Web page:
- Executive Salaries $900,000
- Utility Bills of $200,000
- Insurance $100,000
- Raw Material per unit $350
- Sales Commissions per unit are $150
- Packaging Costs per unit are $250
- Transportation per unit is $150
Now let's calculate the fixed costs:
Fixed Costs = Rent + Executive Salaries + Utility Bills + Insurance
= $600,000 + $900,000 + $200,000 + $100,000
Variable Costs = Raw Material + Sales Commissions + Packaging Costs + Transportation
= $350 + $150 + $250 + $150
Let's assume that the production capacity of ABC Limited is 5000 units.
Break Even sales Price = $1,800,000/5000 + $900
= $360 + $900
Now let's assume due to technological research and development, the production capacity of ABC limited has increased to 6000 Units. How do you think this will change the break-even price? Let's calculate.
Break Even Price = $1,800,000/6000 + $900
= $300 + $900
It is worth noting that as production volume grows, the break-even point decreases. This is because your fixed expenditures are distributed across a more significant number of units sold while variable product costs remain constant, reducing production costs.
These variances in break-even sales prices have ramifications for pricing strategies and the anticipated product demand at varying price points.
Advantages and disadvantages of break-even pricing
Following are some of the advantages of using a break-even pricing strategy:
Keeping prices low helps your business maintain a dominant position in the market, which helps your business reduce the amount of competition it faces.
Barriers to Entry
Break-even prices may also serve as a barrier to entry by discouraging new entrants into the market. This is because your rivals do not have a significant amount of incentives and do not have an early-mover advantage.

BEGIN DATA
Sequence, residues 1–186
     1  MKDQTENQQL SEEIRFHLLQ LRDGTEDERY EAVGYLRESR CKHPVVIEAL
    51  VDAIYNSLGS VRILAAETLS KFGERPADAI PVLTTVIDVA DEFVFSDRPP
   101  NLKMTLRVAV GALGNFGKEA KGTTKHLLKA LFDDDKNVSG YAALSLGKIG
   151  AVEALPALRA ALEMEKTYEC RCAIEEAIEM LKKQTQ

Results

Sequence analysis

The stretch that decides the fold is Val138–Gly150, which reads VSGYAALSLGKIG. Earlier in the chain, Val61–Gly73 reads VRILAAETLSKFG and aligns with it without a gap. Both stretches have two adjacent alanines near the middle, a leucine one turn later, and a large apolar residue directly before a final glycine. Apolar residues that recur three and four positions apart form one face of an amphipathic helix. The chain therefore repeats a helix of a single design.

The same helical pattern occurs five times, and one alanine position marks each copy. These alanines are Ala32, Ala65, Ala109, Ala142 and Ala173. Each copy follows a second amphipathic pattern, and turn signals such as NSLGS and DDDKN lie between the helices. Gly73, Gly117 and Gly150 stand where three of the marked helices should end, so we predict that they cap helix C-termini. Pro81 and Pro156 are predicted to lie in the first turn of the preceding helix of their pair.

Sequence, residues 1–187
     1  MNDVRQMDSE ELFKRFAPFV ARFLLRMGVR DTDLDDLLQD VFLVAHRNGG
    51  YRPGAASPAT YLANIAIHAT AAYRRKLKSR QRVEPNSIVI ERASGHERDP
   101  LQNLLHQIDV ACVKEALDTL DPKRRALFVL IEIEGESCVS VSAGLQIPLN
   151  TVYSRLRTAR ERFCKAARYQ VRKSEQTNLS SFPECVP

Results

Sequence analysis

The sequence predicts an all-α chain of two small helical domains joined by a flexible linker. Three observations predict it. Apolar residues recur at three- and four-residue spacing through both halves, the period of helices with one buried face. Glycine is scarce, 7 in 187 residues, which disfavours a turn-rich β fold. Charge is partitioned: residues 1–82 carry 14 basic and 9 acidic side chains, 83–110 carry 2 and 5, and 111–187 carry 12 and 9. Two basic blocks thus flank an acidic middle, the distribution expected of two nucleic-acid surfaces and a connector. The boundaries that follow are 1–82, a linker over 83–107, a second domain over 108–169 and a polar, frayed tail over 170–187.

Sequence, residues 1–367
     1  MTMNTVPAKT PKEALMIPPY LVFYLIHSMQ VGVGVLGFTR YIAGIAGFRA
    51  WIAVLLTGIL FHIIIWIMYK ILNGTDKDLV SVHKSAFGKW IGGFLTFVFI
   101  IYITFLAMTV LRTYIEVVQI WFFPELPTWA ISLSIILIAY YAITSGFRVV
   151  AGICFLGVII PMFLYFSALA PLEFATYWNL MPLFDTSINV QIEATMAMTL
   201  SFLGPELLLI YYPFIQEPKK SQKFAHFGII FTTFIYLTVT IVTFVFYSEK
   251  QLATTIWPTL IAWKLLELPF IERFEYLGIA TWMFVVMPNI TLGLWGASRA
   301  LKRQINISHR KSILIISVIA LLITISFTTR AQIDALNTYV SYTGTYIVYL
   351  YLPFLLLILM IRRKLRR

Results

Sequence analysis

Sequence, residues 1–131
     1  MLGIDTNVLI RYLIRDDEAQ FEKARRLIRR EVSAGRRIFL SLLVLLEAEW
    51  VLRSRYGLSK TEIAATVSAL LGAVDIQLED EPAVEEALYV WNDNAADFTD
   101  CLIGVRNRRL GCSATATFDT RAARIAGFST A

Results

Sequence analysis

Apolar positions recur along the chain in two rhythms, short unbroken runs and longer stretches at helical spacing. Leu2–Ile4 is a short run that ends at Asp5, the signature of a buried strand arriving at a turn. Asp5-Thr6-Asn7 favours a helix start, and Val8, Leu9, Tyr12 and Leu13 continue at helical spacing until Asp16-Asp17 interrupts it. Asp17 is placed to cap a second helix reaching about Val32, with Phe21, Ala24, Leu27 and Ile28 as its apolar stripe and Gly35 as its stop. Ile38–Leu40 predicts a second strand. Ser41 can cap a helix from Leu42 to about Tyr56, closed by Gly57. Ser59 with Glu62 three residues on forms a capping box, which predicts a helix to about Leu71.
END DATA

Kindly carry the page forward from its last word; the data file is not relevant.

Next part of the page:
Economies of Scale
It also helps your company attain economies of scale, which may be accomplished by taking advantage of the cost benefits of more efficient production.
Following are some of the disadvantages of break-even pricing:
Unable to raise prices
Setting a price lower than the competition to win market share makes future price increases more difficult for your business. Consumers' growing accustomization to reduced costs makes it more difficult to justify a price increase that does not increase product quality or quantity.
If your competitors decide to adopt break-even pricing as well, you may find yourself amid a price war. The elimination of competition and the creation of an obstacle to admission are two ways this approach goes against the free market.
Lack of Sustainability
The main issue with this approach is that it is difficult to maintain. Heavy losses and closure are possible if your business lacks the funds and strategy to sustain this approach.
The bottom line
Your break-even price is a crucial metric for long-term planning. Knowing your break-even point will help you cover fixed costs and assist you with a pricing strategy, have enough incoming cash flow to not lose money, and other aspects of running your business.
However, for your business to successfully implement it, you must have control of both the fixed and variable costs and the necessary resources to maintain your break-even price.